It was far from an easy fight even with the small comforting music and the hope-filled mutters. Every second was a raging battle as he fought to stop his mind from being crushed, fought to prevent the fear and dread from taking hold. It was a drawn-out struggle but one where Rohl was holding his own against a beast that seemed to be wholly intent on ending him. From the outside, it would have made an odd sight, a young man crushed to his knees muttering desperately as if the very air around him was hostile.

With every second he resisted, the hope within grew. Hope that he would fight this, that he would make it to his family in time. Hope bolstered by the images that began to flood Rohl’s vision. Images of better times, playing tag with Sami, working in the fields with his father, his mother teaching him and Sami to read when they were young. Simpler times.

The desperate mutterings that Rohl had clung to had begun to change with his new hope. No longer filled with dread but hope and righteous anger. “I will get through this, I will survive, they will survive.”

Rohl did not know how long he had spent crushed on his knees. How long he had suffered. Seconds, minutes or even hours for all he knew. But eventually, tears of relief began to flow as the debilitating pressure faded. Timid, withdrawn movements soon followed as Rohl attempted to return to his feet. His whole body was on edge, ready to retreat should the sound return.

He had no idea if this was a cruel ploy to strike at him with his guard down or if his hope and resilience had driven the beast off. Maybe the creature had a hatred of any sound or emotion that was not filled with fear. He would even gladly accept knowing that the creature had just gotten bored and left.

But all Rohl did know, was that the sound had faded into almost nothing and with every relief filled every second that passed was a second where Rohl felt stronger, felt his spirit return.

It was not a victory, but he was at least alive. Alive and completely drained.

Every movement or slightest twitch filled in an aching body with pain. Exhaustion gripped his body. But despite all this, Rohl refused to stop playing and did not dare to stop repeating the phrases over and over again.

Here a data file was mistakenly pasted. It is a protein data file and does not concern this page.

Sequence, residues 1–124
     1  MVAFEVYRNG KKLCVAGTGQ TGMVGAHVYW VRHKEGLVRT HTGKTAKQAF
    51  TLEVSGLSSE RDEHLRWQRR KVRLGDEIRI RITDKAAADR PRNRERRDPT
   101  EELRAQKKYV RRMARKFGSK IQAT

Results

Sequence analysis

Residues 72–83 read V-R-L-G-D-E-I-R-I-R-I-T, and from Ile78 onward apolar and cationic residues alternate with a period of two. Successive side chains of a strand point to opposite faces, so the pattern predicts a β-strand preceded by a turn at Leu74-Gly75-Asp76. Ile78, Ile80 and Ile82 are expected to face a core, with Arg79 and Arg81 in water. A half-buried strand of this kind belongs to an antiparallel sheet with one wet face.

If he got caught unawares again, then he knew it would be over. As much as Rohl wished to lie down and let sleep overcome him, he knew he could not. Those he loved still needed him.

With that thought, Rohl pushed on towards town, each step made harder by both physical and mental exhaustion. He truly hoped beyond all that his interference had spared his family from the beast's ire, that his distraction had won them their lives. This was the only thing that gave him the strength to push on.

“Hold on, I’m coming, just a little bit longer, please be okay.”

After many more tiresome steps, bodies began to appear. The first two were strewn along the path. Local farmhands on their way to work. As much as he wanted to make sure they were okay, he couldn’t, not yet, not until he had found his family.

More bodies soon appeared as he entered the town, the blacksmith hunkered over his workbench, Mr. Honberry collapsed in front of a fruit stall. It was as if the whole town had just fallen where they stood, not even given the chance to run or cower in fear, including Rohl’s family. His mother and sister laid unmoving on the ground, passed out by a stall, shopping still in hand.

“Please be okay, please be okay.” Rohl rushed to them with fevered desperation. His rushed steps almost caused him to trip on the bodies of fallen townsmen. With unsteady feet and shaking hands, he finally made it to his family’s side.

"Oh thank the gods, thank the gods, thank the gods," repeated Rohl. His voice was full of relief, his hands less shaky and his heart, less worried. They were still alive.

“Thank the gods, thank the gods, thank the gods” he cried as the bodies of those he loved, slowly rose and fell as they breathed.

The Endless Sleep had failed. And with that beautiful realisation, the shock and exhaustion caught up to him. With one huge rush of exhaustion and emotion, Rohl collapsed alongside his family.